Between Reality and Fantasy
Individuals who are bullied or taunted relentlessly may begin to create a world or environment for themselves where they are in control. They often relate to fictional characters and surround themselves with items items that perpetuate that fantasy. When the bullying becomes too traumatizing, they may eventually choose to withdraw from the real world.
As children mature, they will often grow out of the imaginary friends and the personification of stuffed animals, dolls and other toys. Parents who have fostered healthy relationships with their children will often begin to notice their child depends less and less on their imaginary friends when they begin to make new friends in day care or elementary school.
Understanding Personification and Why It Is Used
When a person begins to understand the personification definition, they begin to realize that in most cases it is relatively harmless. It is only when the individual begins to shy away from friends, family and society at large, does it begin to pose a true problem. Most parents can help to facilitate the transition from imaginary playmates to real ones by exposing their children to new experiences and other children who have the same interests as they do.
Writers and entertainers realized long ago, that an extremely effective way to keep a child’s attention was to create cartoon characters with human or personal tendencies. Cartoons can take any form, shape or size and can elicit the same emotions as a human being. Children easily relate to each one because the characters are designed to be child-like and innocent.
Personification is often used to help others identify with a mood, feeling, perception or concept. The object being personified does not really have those characteristics. It is the intent of the creator to make the viewer or reader feel a specific emotion or feeling. Personification works to evoke a desired response from the viewer.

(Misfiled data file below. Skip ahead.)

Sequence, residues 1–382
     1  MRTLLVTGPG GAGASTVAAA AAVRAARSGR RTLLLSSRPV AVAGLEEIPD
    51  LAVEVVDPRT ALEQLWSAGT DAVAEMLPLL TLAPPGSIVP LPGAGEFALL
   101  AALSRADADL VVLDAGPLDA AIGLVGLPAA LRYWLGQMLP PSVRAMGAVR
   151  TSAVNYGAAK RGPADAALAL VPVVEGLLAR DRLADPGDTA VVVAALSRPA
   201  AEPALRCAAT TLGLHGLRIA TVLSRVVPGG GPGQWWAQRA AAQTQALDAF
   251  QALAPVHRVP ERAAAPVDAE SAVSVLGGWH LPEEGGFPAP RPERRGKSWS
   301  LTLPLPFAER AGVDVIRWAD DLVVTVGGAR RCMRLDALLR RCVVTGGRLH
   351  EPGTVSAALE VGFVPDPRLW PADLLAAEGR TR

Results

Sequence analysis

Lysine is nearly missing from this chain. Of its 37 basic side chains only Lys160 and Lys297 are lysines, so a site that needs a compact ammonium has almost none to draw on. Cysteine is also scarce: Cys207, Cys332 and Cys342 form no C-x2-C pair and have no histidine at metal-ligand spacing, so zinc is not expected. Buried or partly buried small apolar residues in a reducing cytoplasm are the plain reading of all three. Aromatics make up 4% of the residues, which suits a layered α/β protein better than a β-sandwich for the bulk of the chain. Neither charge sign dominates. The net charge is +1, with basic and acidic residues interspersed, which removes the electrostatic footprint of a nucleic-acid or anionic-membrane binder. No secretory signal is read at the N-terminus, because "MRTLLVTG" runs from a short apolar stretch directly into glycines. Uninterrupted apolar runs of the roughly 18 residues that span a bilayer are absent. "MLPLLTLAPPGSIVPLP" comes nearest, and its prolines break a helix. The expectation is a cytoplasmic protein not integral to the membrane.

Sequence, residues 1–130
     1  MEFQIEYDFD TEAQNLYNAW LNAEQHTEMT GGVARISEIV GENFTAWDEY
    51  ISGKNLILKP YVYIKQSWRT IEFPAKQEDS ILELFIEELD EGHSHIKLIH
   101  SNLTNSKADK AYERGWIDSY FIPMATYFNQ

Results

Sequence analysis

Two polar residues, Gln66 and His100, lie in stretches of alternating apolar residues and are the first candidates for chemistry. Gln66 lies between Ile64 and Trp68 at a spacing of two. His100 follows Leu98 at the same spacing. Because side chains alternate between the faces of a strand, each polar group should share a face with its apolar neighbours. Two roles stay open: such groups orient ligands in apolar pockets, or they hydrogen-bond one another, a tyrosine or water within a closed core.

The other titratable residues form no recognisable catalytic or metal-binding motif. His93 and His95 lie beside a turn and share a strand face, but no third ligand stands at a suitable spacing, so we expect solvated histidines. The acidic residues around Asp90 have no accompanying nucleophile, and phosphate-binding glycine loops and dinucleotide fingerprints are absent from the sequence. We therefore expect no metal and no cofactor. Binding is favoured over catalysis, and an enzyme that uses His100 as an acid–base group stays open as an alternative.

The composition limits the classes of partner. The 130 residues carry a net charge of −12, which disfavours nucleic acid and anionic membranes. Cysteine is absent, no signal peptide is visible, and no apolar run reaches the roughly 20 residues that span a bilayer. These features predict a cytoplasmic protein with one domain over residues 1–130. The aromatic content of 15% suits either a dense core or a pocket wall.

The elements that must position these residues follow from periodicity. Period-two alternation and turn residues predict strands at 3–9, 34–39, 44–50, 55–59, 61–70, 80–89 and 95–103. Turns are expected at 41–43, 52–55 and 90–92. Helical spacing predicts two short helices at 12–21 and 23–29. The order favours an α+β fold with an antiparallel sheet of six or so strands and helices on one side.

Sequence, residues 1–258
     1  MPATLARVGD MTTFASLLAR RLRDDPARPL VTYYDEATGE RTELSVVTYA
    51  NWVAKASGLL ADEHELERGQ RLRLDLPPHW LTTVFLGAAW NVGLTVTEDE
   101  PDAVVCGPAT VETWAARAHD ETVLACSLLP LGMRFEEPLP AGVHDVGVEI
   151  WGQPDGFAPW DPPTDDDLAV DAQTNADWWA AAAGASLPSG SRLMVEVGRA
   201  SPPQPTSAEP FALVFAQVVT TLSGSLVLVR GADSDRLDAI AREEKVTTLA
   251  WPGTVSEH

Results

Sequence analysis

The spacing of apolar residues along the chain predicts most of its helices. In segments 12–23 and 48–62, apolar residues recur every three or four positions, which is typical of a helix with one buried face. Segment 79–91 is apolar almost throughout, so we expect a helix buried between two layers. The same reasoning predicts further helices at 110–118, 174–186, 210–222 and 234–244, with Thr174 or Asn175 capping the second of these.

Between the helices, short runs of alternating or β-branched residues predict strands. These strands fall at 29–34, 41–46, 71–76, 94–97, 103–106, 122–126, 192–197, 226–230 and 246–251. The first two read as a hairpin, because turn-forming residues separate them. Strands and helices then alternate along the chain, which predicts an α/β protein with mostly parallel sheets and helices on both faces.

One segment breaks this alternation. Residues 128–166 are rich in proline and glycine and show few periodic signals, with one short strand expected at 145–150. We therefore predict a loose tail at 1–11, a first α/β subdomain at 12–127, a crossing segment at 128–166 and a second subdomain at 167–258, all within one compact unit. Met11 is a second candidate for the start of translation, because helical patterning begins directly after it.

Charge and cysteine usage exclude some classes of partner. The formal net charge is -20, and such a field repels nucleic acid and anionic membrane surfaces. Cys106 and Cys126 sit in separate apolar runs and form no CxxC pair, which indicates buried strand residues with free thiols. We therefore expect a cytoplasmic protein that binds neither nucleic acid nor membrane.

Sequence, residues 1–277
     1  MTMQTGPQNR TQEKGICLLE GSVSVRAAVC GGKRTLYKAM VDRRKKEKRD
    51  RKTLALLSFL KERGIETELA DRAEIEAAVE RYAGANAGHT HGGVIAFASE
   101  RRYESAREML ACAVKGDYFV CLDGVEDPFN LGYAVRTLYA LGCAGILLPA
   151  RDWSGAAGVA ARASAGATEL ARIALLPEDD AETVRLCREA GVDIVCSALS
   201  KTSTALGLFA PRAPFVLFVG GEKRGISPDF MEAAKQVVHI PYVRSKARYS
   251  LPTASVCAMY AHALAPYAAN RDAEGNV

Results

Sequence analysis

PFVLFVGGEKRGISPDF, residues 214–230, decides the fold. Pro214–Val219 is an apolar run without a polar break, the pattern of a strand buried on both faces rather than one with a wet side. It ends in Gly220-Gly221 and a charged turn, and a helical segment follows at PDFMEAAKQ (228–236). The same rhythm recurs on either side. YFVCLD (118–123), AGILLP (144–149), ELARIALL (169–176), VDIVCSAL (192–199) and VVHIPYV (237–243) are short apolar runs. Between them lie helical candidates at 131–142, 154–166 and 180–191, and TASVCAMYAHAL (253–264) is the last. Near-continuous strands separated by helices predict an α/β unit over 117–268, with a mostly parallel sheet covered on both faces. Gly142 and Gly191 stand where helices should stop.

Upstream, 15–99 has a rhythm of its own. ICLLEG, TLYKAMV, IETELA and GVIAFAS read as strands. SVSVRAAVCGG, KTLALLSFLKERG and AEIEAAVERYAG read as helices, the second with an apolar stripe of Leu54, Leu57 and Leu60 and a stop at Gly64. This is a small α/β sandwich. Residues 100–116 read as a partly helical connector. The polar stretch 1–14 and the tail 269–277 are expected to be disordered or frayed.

When personification is used in conjunction with hoarding or various types of obsessive compulsive disorders, the result can be traumatizing for more than just the person with the disorder. Friends and family members may be forced to deal with the behavior whether they want to or not. Hoarders, for example, become so enamored of their physical possessions, they begin to identify with each item on a completely unrealistic level.
Objects cease to become simple objects. Instead they become something the person cannot live without. Each item provides a connection or bond that the person relies on to feel safe and secure. The attachment becomes so strong, that when the person faces being separated from their possessions for any length of time, they begin to feel intense anxiety and frustration. The feelings can become so strong and out of control that physical reactions begin to occur. If the situation is not addressed quickly and efficiently, a full blown panic or anxiety attack may result.
Obsessive compulsive and attachment disorders are two mental health conditions that can sometimes have personification as a common symptom. A person can identify with an object or an animal to the point, where either one can take on human characteristics or personality treats. Much like with children who spend large amounts of time by themselves, the same can begin to happen with the elderly. Individuals with Alzheimers or dementia may see dolls as children or stuffed animals as pets.
With the continued advancements of technology, personification has been taken to new levels, especially by the entertainment industry. Cartoon characters, digitized robots that walk, talk and act like real people as well as the technology that makes it look like live animals are talking and acting like humans have greatly blurred the line between fiction and reality. While most children grasp the concept fairly early that the majority of effects portrayed on television and in the movies is fake. This should also be reinforced within the home and school settings.